That’s the first problem. What’s wrong with a gag? Well, gags are considered a low form of comedy nowadays. It used to just be puns that were beneath the pale for the sophisticated comedian, but if we’re really truthful the whole idea of gags is a wretched business. The best comedians don’t use gags: Richard Pryor never told a gags. Doug Stanhope doesn’t tell gags. Louis CK doesn’t tell gags. Nor Seinfeld. You might notice all these comedians are American. So did I. I think not telling gags is a more American thing. And the main problem with gags is that they’re nickable. You can half-inch a gag. But you can’t half-inch Richard Pryor’s schtick. Because it would be ridiculous. Eddie Murphy tried, and even he sounded ridiculous. So the first thing is, if people are nicking your schtick, it means it’s not really your schtick, it’s just a gag, of some kind or another.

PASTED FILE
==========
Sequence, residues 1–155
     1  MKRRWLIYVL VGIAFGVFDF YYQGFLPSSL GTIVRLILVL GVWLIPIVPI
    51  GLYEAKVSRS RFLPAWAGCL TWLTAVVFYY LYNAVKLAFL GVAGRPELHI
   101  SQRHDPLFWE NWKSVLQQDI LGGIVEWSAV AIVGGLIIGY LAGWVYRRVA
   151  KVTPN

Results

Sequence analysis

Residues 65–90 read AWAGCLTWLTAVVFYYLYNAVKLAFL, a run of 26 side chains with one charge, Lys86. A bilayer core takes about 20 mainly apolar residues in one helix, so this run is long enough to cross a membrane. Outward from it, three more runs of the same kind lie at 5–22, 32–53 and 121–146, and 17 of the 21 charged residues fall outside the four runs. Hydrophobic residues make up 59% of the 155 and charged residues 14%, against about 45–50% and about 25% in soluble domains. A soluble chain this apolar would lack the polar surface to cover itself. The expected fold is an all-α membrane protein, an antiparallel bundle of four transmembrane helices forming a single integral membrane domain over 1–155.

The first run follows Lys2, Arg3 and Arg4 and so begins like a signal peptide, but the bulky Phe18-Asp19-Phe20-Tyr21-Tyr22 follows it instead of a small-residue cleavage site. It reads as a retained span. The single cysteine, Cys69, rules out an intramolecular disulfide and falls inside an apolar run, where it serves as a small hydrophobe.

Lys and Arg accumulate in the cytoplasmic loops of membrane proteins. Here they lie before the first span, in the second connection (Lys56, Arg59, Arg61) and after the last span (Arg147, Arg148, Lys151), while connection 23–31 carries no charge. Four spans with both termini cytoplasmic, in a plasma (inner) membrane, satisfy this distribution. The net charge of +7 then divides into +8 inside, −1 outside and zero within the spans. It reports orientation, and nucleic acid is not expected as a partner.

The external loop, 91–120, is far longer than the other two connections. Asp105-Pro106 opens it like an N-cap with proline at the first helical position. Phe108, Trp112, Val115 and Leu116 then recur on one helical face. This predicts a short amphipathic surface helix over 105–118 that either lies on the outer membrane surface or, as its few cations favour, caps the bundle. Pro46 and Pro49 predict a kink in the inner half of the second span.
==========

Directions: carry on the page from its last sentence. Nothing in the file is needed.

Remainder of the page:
So deconstructionism is a gag. Even I, on the few occasions I’ve tried stand-up, have done it; a bit of self-reflection, commenting on how I’m doing, Brechtian analysis, if you want to be flash, mainly when a joke falls flat, or just generally to make up for the fact that even on a good day my material is whisper thin. Am I to be accused of stealing Mr Lee’s deconstructionism schtick? I never did your honour. I hadn’t realised that Mr Lee had invented deconstructionism, if it was anybody I thought it was Derrida, but no, apparently it was Mr Lee, because Mr Lee never copies anybody, everything he does is completely original in all things, and he doesn’t tell gags either, because he’s above that sort of thing.